Preparing Boys for Life.

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Pro-failure, as defined by our boys
Jay Greytok '83, Head of Middle School

The creativity of Middle School boys is only limited by their imagination, especially when it comes to problem solving. In our efforts to help build men of character, we provide boys with the opportunity to solve problems on their own and allow, in their words, pro-failure. Most of our boys relish the chance to take a risk and realize their full potential, without the fear of failure or a perceived consequence. However, as adults who wish nothing but success for our sons, we can easily inhibit this opportunity for growth by forcing our judgment or decisions in this process.

Recent university studies indicate that students who live in highly structured households with little opportunity to make their own decisions grow up with poor executive function capabilities. This means when our children get to college or beyond, they cannot make decisions on their own, and therefore struggle with basic day-to-day operations. They can become powerless when faced with the simplest of adversity. They develop into excellent sheep as they mindlessly follow orders and direction as members of the flock but when left alone, they cannot survive an attack from the hungry wolves. So, how do we prepare our boys for the future, especially those who do need our help right now? Think of the answer our boys in sixth grade provided us, pro-failure.

The creativity of Middle School boys is only limited by their imagination, especially when it comes to problem solving. In our efforts to help build men of character, we provide boys with the opportunity to solve problems on their own and allow, in their words, pro-failure. Most of our boys relish the chance to take a risk and realize their full potential, without the fear of failure or a perceived consequence. However, as adults who wish nothing but success for our sons, we can easily inhibit this opportunity for growth by forcing our judgment or decisions in this process.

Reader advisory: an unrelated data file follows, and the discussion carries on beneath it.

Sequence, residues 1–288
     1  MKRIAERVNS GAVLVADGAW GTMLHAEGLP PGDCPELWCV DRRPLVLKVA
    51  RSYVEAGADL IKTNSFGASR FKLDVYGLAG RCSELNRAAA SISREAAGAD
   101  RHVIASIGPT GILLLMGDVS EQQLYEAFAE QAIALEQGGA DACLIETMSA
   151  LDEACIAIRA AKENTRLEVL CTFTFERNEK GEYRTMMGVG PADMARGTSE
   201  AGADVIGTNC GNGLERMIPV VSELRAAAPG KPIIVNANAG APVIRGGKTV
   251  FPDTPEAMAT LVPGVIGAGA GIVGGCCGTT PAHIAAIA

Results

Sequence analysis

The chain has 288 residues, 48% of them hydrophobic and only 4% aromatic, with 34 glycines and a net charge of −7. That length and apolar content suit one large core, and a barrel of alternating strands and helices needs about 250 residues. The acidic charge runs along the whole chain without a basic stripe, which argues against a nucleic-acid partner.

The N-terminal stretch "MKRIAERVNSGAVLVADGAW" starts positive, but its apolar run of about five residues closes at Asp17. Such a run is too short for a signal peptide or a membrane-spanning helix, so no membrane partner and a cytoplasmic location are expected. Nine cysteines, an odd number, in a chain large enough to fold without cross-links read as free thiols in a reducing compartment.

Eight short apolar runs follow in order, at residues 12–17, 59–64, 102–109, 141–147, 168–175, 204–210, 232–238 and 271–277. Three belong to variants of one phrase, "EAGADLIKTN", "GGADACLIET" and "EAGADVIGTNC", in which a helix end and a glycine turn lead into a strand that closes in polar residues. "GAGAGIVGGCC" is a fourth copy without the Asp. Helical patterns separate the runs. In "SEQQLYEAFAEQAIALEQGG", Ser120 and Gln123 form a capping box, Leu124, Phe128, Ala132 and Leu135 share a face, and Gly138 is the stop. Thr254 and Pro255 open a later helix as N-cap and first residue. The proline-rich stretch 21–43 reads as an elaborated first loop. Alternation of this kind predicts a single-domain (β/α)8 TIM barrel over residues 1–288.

The cost of falling short, especially in Middle School, is often temporary. It not only becomes a practical part of their development but extremely important in building good decision making skills, and the independence that boys crave. The data from these studies confirms that there is more harm done when we ask so little of the boys regarding life skills yet too much when it comes to academics. We create children who cannot be independent and only make decisions after talking to their parents. We may be over-parenting if we do any of the following:

  • We do for our kids what they can already do for themselves.
  • We do for our kids what they can almost do for themselves.
  • Our parenting behavior is motivated by our own egos.

Dr. Madeline Levine, psychologist, educator, and co-founder of Challenge Success, a project of the Stanford Graduate School of Education, says that when we parent this way we "deprive our kids of the opportunity to be creative, to problem solve, to develop coping skills, to build resilience, to figure out what makes them happy, to figure out who they are. In short, it deprives them of the chance to be, well, human."

We can all agree that we want what is best for our children, however, if we over protect them, the short-term wins may lead to long-term losses. As Dr. Levine states, "When children aren't given the space to struggle through things on their own, they don't learn to problem solve very well. They don't learn to be confident in their own abilities, and it can affect their self-esteem. The other problem with never having to struggle is that you never experience failure and can develop an overwhelming fear of failure and of disappointing others. Both the low self-confidence and the fear of failure can lead to depression or anxiety."

Think of it this way, the "M" in Middle School stands for mistakes. We know and actively work with the boys to help them learn from their mistakes to be better in the future. At home, start providing the boys with the opportunity to make simple mistakes and grow with appropriate guidance and consequences. Chances are they will figure it out for themselves, which is a critical element to people's mental health. Understanding that we are preparing them for the marathon of life and not the sprint of Middle School might be the best thing for them.

- Jay Greytok '83, Head of Middle School

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